UWSC Go For Health! program initiative featured on NewPublicHealth.Org

NewPublicHealth.org interviewed Megan Joseph, UWSC Director of Community Organizing; Kymberly Lacrosse, UWSC Community Organizer; and Lynn Robinson, Santa Cruz City Council and Santa Cruz County Metro Board Member about the seven-year-old community collaboration, Go For Health!.
This article highlights the impact collaboration across sectors and the empowerment of youth can have on making positive healthy changes in the community. Read the entire interview here.

"NewPublicHealth: How did Go For Health! come about, and how did you come to focus on prevention and creating a healthier community? 

Megan Joseph: Go For Health! was convened by the United Way of Santa Cruz County, the Children’s Network and a few other organizations in 2004 who were starting to notice the upward trend in childhood obesity across the county, which wasn’t different from what was happening across the nation. Our community came together to start taking some real steps to address the issue. Representatives from over 150 local agencies gathered in that first year to start looking at best practices and what was really working to address childhood obesity beyond a nutrition education and direct service approach. That’s when they started to learn about a cross-sector approach and the idea of environmental prevention, which takes a unified, big picture strategy to address such a large public health issue that has so many pieces and different causes.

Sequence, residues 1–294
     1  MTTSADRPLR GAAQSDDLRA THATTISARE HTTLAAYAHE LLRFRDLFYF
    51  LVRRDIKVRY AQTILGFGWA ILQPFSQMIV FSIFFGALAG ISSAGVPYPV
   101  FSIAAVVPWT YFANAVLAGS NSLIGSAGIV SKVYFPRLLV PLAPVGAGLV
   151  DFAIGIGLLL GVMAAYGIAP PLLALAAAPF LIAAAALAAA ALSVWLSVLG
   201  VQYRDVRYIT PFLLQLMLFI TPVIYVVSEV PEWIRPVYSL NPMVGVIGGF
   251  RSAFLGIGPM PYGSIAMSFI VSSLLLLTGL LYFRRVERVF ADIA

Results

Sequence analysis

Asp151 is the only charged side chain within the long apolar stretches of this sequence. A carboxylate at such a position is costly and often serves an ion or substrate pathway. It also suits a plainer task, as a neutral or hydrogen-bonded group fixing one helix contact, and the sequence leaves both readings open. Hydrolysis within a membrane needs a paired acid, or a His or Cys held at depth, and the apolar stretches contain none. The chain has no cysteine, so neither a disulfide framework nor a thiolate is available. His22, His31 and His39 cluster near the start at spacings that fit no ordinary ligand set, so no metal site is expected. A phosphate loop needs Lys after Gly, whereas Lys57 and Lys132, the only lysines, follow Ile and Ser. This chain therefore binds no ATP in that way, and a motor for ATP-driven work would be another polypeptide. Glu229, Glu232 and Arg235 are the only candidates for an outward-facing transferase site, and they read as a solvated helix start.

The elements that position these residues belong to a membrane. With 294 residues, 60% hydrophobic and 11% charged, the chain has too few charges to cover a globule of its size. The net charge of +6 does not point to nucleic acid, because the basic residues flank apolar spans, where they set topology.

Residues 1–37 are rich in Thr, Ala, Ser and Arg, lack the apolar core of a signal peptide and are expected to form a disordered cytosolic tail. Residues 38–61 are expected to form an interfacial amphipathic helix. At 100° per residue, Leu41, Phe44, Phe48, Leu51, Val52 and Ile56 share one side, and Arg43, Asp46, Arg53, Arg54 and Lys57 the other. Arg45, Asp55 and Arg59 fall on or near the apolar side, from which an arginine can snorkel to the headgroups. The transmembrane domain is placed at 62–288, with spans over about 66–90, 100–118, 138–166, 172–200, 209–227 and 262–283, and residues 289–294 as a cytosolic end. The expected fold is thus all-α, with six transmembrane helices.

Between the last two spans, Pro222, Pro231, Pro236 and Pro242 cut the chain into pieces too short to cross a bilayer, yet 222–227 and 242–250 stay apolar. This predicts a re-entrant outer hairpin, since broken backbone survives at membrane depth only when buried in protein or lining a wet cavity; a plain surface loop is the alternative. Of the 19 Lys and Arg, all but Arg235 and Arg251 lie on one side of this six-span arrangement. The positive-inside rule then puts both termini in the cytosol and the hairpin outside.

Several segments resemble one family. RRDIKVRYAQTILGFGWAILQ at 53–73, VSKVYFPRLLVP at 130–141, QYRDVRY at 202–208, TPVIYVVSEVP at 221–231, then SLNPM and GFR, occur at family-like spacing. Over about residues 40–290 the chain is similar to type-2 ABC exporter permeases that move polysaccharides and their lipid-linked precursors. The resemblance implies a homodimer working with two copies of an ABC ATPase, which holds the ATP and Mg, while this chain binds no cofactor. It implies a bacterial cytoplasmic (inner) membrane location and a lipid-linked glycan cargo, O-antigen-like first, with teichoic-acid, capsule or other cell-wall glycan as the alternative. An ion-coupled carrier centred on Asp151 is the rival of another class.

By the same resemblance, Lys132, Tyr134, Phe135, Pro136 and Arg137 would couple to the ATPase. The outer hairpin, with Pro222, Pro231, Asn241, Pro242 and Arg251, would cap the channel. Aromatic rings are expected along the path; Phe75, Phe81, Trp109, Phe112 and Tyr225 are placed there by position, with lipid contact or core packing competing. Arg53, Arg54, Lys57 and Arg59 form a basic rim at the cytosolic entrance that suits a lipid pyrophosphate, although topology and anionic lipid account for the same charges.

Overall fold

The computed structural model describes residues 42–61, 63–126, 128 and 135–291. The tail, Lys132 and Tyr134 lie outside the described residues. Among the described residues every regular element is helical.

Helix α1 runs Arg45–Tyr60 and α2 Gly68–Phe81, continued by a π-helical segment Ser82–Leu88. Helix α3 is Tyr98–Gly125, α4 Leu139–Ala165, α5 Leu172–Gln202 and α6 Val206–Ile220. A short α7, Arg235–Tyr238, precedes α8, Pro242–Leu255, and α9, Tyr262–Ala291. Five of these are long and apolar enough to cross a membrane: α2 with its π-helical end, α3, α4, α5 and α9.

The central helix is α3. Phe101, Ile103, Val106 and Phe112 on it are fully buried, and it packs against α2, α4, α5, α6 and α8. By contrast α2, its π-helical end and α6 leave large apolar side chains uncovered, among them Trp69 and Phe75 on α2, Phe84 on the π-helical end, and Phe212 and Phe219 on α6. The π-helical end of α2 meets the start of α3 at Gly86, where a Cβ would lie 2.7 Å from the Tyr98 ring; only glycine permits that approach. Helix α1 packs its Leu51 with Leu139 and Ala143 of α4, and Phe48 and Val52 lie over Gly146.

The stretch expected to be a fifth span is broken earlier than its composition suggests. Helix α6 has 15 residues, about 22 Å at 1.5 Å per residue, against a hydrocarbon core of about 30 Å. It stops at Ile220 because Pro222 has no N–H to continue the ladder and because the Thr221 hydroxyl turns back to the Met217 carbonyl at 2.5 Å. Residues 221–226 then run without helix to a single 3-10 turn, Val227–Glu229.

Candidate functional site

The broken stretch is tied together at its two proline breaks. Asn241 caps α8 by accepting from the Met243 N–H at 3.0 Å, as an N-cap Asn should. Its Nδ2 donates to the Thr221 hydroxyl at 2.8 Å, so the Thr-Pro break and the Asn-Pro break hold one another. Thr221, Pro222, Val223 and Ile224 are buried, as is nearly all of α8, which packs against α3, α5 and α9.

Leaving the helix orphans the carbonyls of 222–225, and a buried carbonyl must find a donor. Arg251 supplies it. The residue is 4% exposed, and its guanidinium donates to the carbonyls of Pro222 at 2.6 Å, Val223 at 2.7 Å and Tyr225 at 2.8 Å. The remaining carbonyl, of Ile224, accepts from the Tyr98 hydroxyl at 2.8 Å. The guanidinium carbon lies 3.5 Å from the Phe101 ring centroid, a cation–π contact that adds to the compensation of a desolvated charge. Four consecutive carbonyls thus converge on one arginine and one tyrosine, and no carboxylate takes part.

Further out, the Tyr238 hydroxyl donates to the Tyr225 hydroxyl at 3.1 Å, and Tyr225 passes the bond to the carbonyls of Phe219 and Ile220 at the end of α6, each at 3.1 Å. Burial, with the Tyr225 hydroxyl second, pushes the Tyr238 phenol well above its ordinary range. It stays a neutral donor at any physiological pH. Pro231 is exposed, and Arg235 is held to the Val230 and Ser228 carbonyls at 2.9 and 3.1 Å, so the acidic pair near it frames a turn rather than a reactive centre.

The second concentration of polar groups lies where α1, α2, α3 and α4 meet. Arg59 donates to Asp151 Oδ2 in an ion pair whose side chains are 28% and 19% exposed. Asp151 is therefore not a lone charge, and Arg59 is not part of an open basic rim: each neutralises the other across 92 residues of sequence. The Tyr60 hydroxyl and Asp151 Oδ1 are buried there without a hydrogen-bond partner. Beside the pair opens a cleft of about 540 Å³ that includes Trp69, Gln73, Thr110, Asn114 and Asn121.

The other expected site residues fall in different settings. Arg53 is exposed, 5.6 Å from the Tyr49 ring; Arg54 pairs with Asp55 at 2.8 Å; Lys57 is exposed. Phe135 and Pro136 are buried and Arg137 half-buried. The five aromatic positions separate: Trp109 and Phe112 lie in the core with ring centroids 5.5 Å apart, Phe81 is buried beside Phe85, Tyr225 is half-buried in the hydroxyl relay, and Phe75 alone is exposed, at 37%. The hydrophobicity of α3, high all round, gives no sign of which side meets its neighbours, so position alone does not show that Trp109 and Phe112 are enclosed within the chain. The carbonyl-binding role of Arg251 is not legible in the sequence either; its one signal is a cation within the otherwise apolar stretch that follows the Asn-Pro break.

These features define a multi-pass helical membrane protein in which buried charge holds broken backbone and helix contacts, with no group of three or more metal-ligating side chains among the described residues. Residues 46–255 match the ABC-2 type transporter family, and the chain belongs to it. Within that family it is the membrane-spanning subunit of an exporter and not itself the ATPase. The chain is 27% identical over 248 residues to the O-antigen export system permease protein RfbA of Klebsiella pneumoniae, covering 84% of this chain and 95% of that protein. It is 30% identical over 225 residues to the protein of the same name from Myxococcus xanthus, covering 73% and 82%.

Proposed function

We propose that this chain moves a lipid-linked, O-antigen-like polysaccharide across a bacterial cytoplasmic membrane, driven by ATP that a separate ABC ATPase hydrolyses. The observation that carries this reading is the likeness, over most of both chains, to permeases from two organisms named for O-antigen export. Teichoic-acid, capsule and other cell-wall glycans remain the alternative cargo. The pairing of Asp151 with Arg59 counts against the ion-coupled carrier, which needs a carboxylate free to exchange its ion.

NPH: You were able to convene 150 different agencies and many of which were from different sectors. Why is that so important to think about bringing in different kinds of partners to the table? 

Kymberly Lacrosse: When you’re looking at a problem in a community that affects so many different people in so many different areas, it’s really important to have as many perspectives as possible in the collaboration and participating in problem solving. We believe that really helps look at it on a deeper level and you’re more likely to have greater success in long-term sustainable changes. Having schools and local community organizations and community members and county and city government and many, many, many more in collaboration has definitely been important."

Read the entire interview here.